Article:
The performance was not up to snuff. The story's narrator Donald was supposed to be from the American South, so it was jarring every time to hear an obvious Yankee accent simply mis-pronounce words like "palm" as "pam". His rendition of women's voices was lacking. . I've listened to a lot of Audible books -- while not the worst, Mr. Reynolds was in the bottom five percentile. I will avoid books read by Mr. Reynolds in the future.
No. The first two books are just too depressing to sit through all at once -- this book is the culmination of the trilogy started with Wool, and continued in Shift. I had to take those books in small doses. Had the trilogy not ended well I would have canceled Mr. Howey off my list of authors to read/listen to. However, the end book delivers.
I'm an avid audio book listener, and now I'm an audio book narrator as well.
I really enjoyed this novel. It was an awesome conclusion to all of the fantastic storytelling and great characters Hugh Howey has given us with Wool and Shift. It was all over far earlier than I would have liked it to be, but then I was dreading finishing this book even as I started the first chapter. It probably went by so fast too because I was enjoying it so much. I didn't want the Silo Saga to end because I have had such a great experience surviving with its characters for some time now. Wool is still my favorite but I enjoyed reading Dust much more than Shift. While shift did a great job of revealing to me how this crazy world came into being Dust returned to having more dramatic and exciting things happen in the story like Wool. There were a lot of scenes that were very gripping and kept me glued to my iPod to hear each and every new word.
I won't give anything away but I will say when I read the ending I was so happy to be with those characters in that historical moment for them and for their world. It was really moving and I was smiling the whole time I read it. It wasn't all sunshine and rainbows for every character though, and I really enjoyed seeing characters I have come to love go through more intense and trying situations.
I felt that Hugh did a good job of ending his series and keeping a good balance with all of the characters and silos in the story. By the time you're reading this book there are many characters and silos Hugh had to juggle to finish out his awesome saga. It didn't feel like that though. Yes there was a log of switching between silos and characters, but everytime the viewpoint character or setting switch I was just instantly right with them or right there that it never felt like a big back and forth. It just felt like one cohesive and awesome story. I highly recommend this book. I loved it.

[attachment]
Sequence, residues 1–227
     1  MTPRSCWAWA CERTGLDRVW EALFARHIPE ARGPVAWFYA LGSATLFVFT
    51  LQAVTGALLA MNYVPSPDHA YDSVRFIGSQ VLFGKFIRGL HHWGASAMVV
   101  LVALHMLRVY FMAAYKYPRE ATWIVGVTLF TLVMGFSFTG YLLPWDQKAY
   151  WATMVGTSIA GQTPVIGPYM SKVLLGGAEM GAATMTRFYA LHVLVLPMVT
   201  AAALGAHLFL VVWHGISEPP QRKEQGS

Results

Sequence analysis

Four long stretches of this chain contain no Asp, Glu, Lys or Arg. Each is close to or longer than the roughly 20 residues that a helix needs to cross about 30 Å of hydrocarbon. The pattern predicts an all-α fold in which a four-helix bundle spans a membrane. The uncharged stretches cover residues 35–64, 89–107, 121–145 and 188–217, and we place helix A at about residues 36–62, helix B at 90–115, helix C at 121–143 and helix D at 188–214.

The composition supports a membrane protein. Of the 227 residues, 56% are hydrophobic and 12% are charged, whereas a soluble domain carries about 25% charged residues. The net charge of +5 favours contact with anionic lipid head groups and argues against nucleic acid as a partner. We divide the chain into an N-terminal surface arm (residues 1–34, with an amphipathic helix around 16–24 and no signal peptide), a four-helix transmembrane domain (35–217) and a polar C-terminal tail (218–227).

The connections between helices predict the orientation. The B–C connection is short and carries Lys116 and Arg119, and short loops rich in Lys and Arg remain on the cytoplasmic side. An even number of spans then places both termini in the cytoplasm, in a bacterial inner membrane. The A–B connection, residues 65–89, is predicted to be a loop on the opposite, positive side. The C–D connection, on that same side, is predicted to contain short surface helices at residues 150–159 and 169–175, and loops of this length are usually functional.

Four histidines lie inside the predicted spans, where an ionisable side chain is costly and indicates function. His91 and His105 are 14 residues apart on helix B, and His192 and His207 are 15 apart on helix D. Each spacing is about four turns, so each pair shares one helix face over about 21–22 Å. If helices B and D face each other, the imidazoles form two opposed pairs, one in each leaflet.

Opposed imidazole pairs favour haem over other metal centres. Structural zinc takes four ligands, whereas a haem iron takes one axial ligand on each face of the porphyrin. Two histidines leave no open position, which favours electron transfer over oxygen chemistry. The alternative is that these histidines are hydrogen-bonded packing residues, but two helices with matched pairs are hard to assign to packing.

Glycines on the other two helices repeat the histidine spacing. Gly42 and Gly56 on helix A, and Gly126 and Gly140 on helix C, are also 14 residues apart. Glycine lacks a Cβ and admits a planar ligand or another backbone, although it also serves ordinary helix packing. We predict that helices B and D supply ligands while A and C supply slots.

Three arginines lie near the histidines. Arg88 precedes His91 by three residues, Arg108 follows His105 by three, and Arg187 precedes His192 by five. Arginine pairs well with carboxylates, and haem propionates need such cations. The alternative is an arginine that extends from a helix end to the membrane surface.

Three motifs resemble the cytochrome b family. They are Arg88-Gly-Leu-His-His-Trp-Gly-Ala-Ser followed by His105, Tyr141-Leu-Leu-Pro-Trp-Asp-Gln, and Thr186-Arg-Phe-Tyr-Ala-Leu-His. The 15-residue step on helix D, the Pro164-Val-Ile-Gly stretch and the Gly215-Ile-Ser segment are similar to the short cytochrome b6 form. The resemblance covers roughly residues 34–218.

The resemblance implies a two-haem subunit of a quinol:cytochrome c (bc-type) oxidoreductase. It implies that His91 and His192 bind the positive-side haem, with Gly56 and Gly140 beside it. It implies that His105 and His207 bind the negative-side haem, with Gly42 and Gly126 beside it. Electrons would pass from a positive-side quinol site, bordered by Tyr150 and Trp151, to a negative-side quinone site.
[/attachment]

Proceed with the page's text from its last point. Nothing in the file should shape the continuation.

Dust completes Hugh Howey's Silo Saga trilogy. This series is a must read in order. Dust picks up, oddly enough, where both Wool (1) and Shift (2) left off. The tale bounces back and forth between Silo 1 and the Silo 17/18 story lines. Juliette is intent on returning to Silo 17 to rescue Solo and the kids, while Donald, with the help of his revived sister is both exploring the outside world with the drones as well as attempting to discern the criteria for what he expects to happen in another 250 years as well as trying to delicately explain reality to Silo 18. There are ample episodes of action scenes as well as silo politics at play plus another example of human lemmings.
There is nothing new in terms of sci-fi relative to the first two installments. Besides the standard impetus for human exploration, Hugh adds the element of the Senator and his original cabal believing that they could play God in order to reset the world. Finally, Hugh has left open the door for further adventures with either the remaining silos or the Silo 17/18 outliers.
As with the earlier volumes, the narration is good, but quite slow.
Learn, understand, then decide whether you accept or reject.
I will confess that this wasn't an easy trilogy to swallow, leaving me to ask many questions regarding the actual goodness of the protagonists. This book doesn't take the easy way out, and is pretty brutal from the very beginning. If you're looking for answers, there are many questions that will be left unanswered by the time you reach the end of the book. But it does a decent job wrapping the trilogy up in its own messed up, thought provoking way.
No, I only have time and energy to read a book once.
I can only say that two were my favorites: Donald and Juliette. Both characters were like-like and very 3-dimensional.
Same as above.
I enjoyed each book of the series. It was a lot of story over a lot of time. While long, it was not at all boring. I would recommend this book series to anyone to read.